Stefan Collini

What are Universities For?
  • What are Universities For?

  • Across the world, universities are more numerous than they have ever been, yet at the same time there is unprecedented confusion about their purpose and scepticism about their value. What Are Universities For? offers a spirited and compelling argument for completely rethinking the way we see our universities, and why we need them.

    Stefan Collini challenges the common claim that universities need to show that they help to make money in order to justify getting more money. Instead, he argues that we must reflect on the different types of institution and the distinctive roles they play. In particular we must recognize that attempting to extend human understanding, which is at the heart of disciplined intellectual enquiry, can never be wholly harnessed to immediate social purposes - particularly in the case of the humanities, which both attract and puzzle many people and are therefore the most difficult subjects to justify.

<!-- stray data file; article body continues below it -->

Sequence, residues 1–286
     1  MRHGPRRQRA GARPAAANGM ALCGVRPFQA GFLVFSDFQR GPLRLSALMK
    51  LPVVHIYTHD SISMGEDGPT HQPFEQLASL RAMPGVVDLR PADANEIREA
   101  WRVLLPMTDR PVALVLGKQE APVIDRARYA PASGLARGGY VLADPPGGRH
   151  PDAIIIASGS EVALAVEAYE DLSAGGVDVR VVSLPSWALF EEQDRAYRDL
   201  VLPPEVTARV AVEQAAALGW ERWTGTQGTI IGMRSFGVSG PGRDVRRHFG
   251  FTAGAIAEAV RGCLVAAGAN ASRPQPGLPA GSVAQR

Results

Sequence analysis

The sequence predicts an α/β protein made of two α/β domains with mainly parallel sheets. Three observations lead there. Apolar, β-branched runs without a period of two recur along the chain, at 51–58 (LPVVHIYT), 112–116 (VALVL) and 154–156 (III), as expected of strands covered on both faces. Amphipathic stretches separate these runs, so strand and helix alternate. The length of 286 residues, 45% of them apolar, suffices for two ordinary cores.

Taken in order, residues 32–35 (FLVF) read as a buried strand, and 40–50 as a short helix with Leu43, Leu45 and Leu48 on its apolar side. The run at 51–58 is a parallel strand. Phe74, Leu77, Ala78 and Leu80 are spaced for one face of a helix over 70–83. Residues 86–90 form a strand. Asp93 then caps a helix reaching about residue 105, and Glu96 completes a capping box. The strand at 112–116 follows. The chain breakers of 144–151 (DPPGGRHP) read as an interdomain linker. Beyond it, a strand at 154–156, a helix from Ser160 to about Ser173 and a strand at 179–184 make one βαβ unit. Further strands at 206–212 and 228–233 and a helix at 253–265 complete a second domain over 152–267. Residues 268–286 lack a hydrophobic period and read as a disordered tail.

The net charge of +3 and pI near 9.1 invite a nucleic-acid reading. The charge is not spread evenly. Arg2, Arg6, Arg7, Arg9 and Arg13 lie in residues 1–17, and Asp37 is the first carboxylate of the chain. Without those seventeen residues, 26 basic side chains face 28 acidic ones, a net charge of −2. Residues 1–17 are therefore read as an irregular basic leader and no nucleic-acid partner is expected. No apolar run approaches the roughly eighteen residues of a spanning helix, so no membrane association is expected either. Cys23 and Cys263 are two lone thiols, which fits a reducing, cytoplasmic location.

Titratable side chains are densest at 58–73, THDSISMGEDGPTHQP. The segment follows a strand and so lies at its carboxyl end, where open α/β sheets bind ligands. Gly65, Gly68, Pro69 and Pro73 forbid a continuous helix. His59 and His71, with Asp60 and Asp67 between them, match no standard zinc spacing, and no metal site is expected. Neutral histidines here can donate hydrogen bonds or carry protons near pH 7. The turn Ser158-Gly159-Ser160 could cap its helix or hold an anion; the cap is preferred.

At a time when the future of higher education lies in the balance, What Are Universities For? offers all of us a better, deeper and more enlightened understanding of why universities matter, to everyone.

In recent years, Stefan Collini has become one of the most distinctive and respected voices in public debates about the nature of universities and their place in modern society.He is a frequent contributor to The Guardian, The London Review of Books, The Times Literary Supplement, The Nation, and other publications, as well as an occasional broadcaster.Among his books, Absent Minds: Intellectuals in Britain (2006), a major analysis of the role of the intellectual and its place in British culture, has received particularly widespread attention in both the academic world and the general media, while reviewers of his most recent collection of essays, Common Reading: Critics, Historians, Publics (2008), have described him as 'one of Britain's finest essaysists and writers' - 'he is astute, analytical, and often killingly funny'.His other books include Public Moralists (1991), Matthew Arnold: a Critical Portrait (1994), and English Pasts: Essays in History and Culture (1999); he is also the editor of a widely praised edition of C.P. Snow's The Two Cultures (1993).He is Professor of Intellectual History and English Literature at Cambridge University, and a Fellow of the British Academy.

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